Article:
in , ,

Titanium–Gadolinium Quantum Dot Staining Agent Specific to Bacterial Cells

To overcome the antibiotic resistance and absolute necessity of finding an alternative to existing antibiotics with negligible toxicity, proper biocompatibility, and fulfil the needs of clinical research, novel antibacterial agents like nanoparticles, peptides, metabolites, oligonucleotides, and other biogenic or chemical compounds have been introduced.

Nanaoparticles with few modifications help in site specific drug delivery by reducing target toxicity. Quantum dots (QDs) are a type of nanoparticles with the ability to fluoresce, which is helping in the development of new detection and imaging techniques. A few novel QDs have been reported to have antibacterial and anticancer properties, which elevates their value even more in the field of biomedicine with some drawbacks like toxicity, inflammation, and stability.

In this study, we used titanium and gadolinium together to synthesize a titanium–gadolinium quantum dot (TGQG), the first of its kind, and its characterization was undertaken using dynamic light scattering, spectrophotometry, X-ray fluorescence, scanning electrochemical microscope (SECM), and scanning electron microscope (SEM). Thereafter, TGQD was used as a stain in the detection of VRSA using a fluorescence microscope. Furthermore, the antibacterial activity was tested against the pathogenic strains of vancomycin resistant S. aureus (VRSA), methicillin resistant S. aureus (MRSA), and the mechanism of action was also investigated.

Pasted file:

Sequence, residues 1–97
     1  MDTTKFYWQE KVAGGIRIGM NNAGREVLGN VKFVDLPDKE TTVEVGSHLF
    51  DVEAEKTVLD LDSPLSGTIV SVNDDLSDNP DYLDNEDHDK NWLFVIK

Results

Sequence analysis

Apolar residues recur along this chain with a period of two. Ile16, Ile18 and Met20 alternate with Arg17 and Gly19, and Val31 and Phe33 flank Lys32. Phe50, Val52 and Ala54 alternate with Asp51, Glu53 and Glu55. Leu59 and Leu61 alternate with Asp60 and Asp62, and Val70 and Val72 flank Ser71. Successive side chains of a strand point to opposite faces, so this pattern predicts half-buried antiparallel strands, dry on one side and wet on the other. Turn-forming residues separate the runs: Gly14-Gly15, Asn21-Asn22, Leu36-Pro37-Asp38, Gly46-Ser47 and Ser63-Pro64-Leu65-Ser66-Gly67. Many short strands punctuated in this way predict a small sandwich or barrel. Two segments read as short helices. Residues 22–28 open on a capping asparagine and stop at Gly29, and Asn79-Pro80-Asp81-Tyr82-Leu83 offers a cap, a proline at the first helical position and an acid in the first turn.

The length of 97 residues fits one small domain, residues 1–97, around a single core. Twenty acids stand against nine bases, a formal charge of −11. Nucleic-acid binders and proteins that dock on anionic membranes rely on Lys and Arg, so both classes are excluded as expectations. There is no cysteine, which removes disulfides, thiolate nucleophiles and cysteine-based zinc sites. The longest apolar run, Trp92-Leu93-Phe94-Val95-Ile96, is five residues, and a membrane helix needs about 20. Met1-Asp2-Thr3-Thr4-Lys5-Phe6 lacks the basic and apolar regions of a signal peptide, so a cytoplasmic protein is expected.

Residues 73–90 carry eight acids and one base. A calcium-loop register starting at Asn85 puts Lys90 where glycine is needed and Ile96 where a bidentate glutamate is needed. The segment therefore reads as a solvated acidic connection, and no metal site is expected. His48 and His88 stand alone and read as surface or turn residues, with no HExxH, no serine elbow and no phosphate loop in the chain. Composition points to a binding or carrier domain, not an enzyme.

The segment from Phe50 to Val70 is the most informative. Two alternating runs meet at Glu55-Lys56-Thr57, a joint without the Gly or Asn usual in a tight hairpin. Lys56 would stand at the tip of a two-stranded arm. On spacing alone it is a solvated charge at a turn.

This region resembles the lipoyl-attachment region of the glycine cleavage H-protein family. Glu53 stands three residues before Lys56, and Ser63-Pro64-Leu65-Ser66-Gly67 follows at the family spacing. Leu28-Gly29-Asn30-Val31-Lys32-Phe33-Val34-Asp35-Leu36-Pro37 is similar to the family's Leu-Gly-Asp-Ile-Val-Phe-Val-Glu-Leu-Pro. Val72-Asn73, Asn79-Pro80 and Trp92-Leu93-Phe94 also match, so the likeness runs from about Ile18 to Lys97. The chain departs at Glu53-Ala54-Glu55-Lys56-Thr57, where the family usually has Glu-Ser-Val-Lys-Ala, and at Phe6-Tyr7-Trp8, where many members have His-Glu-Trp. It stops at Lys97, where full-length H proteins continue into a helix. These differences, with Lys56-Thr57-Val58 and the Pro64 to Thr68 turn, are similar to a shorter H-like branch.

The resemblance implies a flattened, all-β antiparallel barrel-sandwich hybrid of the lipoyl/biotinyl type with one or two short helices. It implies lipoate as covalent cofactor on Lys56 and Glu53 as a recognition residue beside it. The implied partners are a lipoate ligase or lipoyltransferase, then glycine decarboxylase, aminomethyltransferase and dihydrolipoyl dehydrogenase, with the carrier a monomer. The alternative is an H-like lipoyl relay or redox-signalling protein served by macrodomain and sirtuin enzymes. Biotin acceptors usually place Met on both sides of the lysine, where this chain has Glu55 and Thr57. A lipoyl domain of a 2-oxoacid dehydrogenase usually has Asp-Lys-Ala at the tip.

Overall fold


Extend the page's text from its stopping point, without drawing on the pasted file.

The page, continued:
The limitations of fluorescence dye (SYTO9) to stain specific bacteria were overcome by TGQD because there is no bacteria specific stain that can stain only bacteria and no other cells, but SYTO9 stains both bacteria and human cells. The TGQD stained the VRSA cells to emit bluish white fluorescence without staining the PNT1A cells, but SYTO9 stained both types of cells emitting green fluorescence. Furthermore, the TGQD inhibits by interacting with the bacterial cells causing cell leakage, and ultimately the release of the inner components.

The antibacterial activities of the TGQD against S. aureus and its resistant strains showed strong inhibitory activities, which were validated by microscopic evidence. The mode of action was cell disruption and leakage of cytoplasmic content, which led to the precipitation and accumulation of bacterial cells with the amount of oxygen demand decreasing. However, it was also observed that the presence of any bacteria live or dead was detected by TGQD through fluorescence microscopic analysis. Finally, the cytotoxicity test of the TGQD showed no toxicity and proved the TGQD was biocompatible for normal human cells in vitro.

The examined TGQD with biocompatibility and non-toxicity can be used as potential theranostics to detect and inhibit the presence of bacteria in different types of co-cultures or mixed samples with significant antibacterial activity. To the best of our knowledge, there is no such staining agent present that can stain only bacterial cells. In various research purposes like host pathogen interaction, study requires a specific staining agent. Thus, TGQD can be very useful for host pathogen interaction study.

A Novel Biocompatible Titanium–Gadolinium Quantum Dot as a Bacterial Detecting Agent with High Antibacterial Activity. Nanomaterials. Published 17 April 2020.


This information is not intended as medical advice or clinician guidance. This content contains edited excerpts to bring attention to the work of the researchers and study authors. Please support their efforts and click through for the full context.

Implementation of Stringent Social Distancing to Prevent Transmission of COVID-19 in Senior Living Communities